FMA weapons vs kung fu weapons
Do other traditional weapons styles (ex. kung fu, japanese weapons) incorporate the contact drills and sparring that are common in FMA? This thread isn't intended to be a FMA nutriding thread, I'm attempting to answer questions myself as well as others might have about other traditional weapons styles. If you do traditional weapons feel free to chime in on your training and experiences.
I've seen some kung fu weapons demos in 2 man sets where the weapons are pulled and never make contact. I've seen a lot of karate schools advertise weapons training but all that is actually taught are katas. I know somewhere there must be more to these traditional styles that I'm missing.
Of course, all weapons styles as well as FMA practice single man strikes or forms. I'm just curious how other weapons systems practice applications. Even within FMA practitioners start off doing drills where the sticks make contact to get a feel for a good block. FMA also incorporates flow drills to get the student used to moving around with the weapon. Do other styles do similar training?
Here's a few examples of what I'm looking for in other weapons styles.
FMA full contact sparring
YouTube- Dog Brothers: WARNING: Stick fighting IS Dangerous...
FMA contact drill-the thread is titled sparring but what is demonstrated is more of drill that incoprorates random attacks done in a controlled manner.
YouTube- Balintawak Bobby Taboada Sparring
FMA basic flow drill
YouTube- Escrima Double stick flow drills
Bonus push ups for video of other weapons styles vs FMA!
Last edited by jspeedy; 7/07/2010 5:53pm at .
Reason: can't spell
But to what degrees are those really “weapons styles”? FMAs are often described as “stick fighting [with an unarmed component]”. Karate (rebranded “empty hand” with some reason, after all!) is an unarmed art with occasionally some weapons forms thrown in, looking for all the world like an after-thought, and as such it’s hardly surprising if the quality is lower.
Originally Posted by jspeedy
There are lots of JMAs where weapons are central—sojutsu, kendo/kenjutsu, iaido, bojutsu, naginatajutsu, kyudo…some of them (e.g. kendo) notably have large amounts of contact training. I would also argue that some, most, or even all of them are “more traditional” than, say, karate. (Spear, bow, and sword have surely shaped more of Japan’s history than empty-handed fighting.) But this seems so obvious that I feel like I must be missing the point of your question…?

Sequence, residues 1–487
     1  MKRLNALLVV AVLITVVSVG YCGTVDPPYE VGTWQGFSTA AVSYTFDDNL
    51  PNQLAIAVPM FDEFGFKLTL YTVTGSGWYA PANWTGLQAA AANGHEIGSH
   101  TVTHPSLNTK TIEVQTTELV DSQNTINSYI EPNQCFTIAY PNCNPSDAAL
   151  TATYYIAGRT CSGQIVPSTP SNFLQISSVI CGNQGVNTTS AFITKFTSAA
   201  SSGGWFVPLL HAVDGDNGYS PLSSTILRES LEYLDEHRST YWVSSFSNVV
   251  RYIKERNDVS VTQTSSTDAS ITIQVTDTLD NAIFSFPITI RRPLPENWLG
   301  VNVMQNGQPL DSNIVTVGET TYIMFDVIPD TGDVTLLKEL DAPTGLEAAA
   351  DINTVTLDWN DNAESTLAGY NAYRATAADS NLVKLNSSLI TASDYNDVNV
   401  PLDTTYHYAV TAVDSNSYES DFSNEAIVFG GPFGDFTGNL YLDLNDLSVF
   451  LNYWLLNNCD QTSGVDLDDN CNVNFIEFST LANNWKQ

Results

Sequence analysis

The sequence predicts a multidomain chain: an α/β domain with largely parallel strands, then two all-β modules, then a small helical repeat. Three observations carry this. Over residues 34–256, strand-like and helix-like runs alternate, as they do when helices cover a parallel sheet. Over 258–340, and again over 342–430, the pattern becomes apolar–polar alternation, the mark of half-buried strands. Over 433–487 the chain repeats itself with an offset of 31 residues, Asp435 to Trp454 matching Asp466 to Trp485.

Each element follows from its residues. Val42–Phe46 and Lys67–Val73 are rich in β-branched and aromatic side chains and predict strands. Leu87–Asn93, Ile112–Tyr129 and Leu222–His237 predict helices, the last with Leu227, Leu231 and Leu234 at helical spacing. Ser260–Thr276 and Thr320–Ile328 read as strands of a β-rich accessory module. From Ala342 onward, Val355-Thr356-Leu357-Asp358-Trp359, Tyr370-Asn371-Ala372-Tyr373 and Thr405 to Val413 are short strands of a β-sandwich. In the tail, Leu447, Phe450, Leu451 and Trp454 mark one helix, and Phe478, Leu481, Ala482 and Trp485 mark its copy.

(Of course there are various very traditional WMA styles as well, from Fiore, Capo Ferro, or Lichtenauer to Olympic fencing, all of which regularly see swords crossing, but it sounds like you’re looking for Asian MAs, here.)
CMA is tricky and contact is rare compared to most FMA groups. Mostly, it entails 2-man Sets which look good but, are choreographed.
There are a few schools and events popping up that are interesting.
YouTube- Jifeng Chinese Martial Arts Club - chinese sword competition demonstration
YouTube- kung fu weapons sparring
YouTube- World Jianshu Continuous Sparring Exhibition 7 28 09
Yes, I know, not to the level of DBs. Still, it is much better than this stuff:
YouTube- Jackie Chan - SNAKE & CRANE ARTS OF SHAOLIN opening credits
Which is fun, but doesn't translate to actual fighting.
Kendo and iaido are two obvious weapons systems that might compare to FMA and I thought of these while wirting the OP. Does iaido or kenjutusu do any contact work? I've seen two partners do sets with "live" blades where strikes are pulled but I was unaware that they did any contact work. IF you're familiar with drills or specifics of how other traditional JMA weapons arts train feel free to share that's why I posted the question. It's be great if you could post videos demonstrating training aspects of these arts, all i've seen are demos.
Originally Posted by Petter
Nice links, this is the stuff I was looking for.
Originally Posted by It is Fake
Also I found a link to this vid.
Chinese wudang sword vs FMA
YouTube- CHINESE WUDANG SWORD vs PHILIPPINES MARTIAL(3)
FMA vs Kendo
YouTube- Kendo vs. Escrima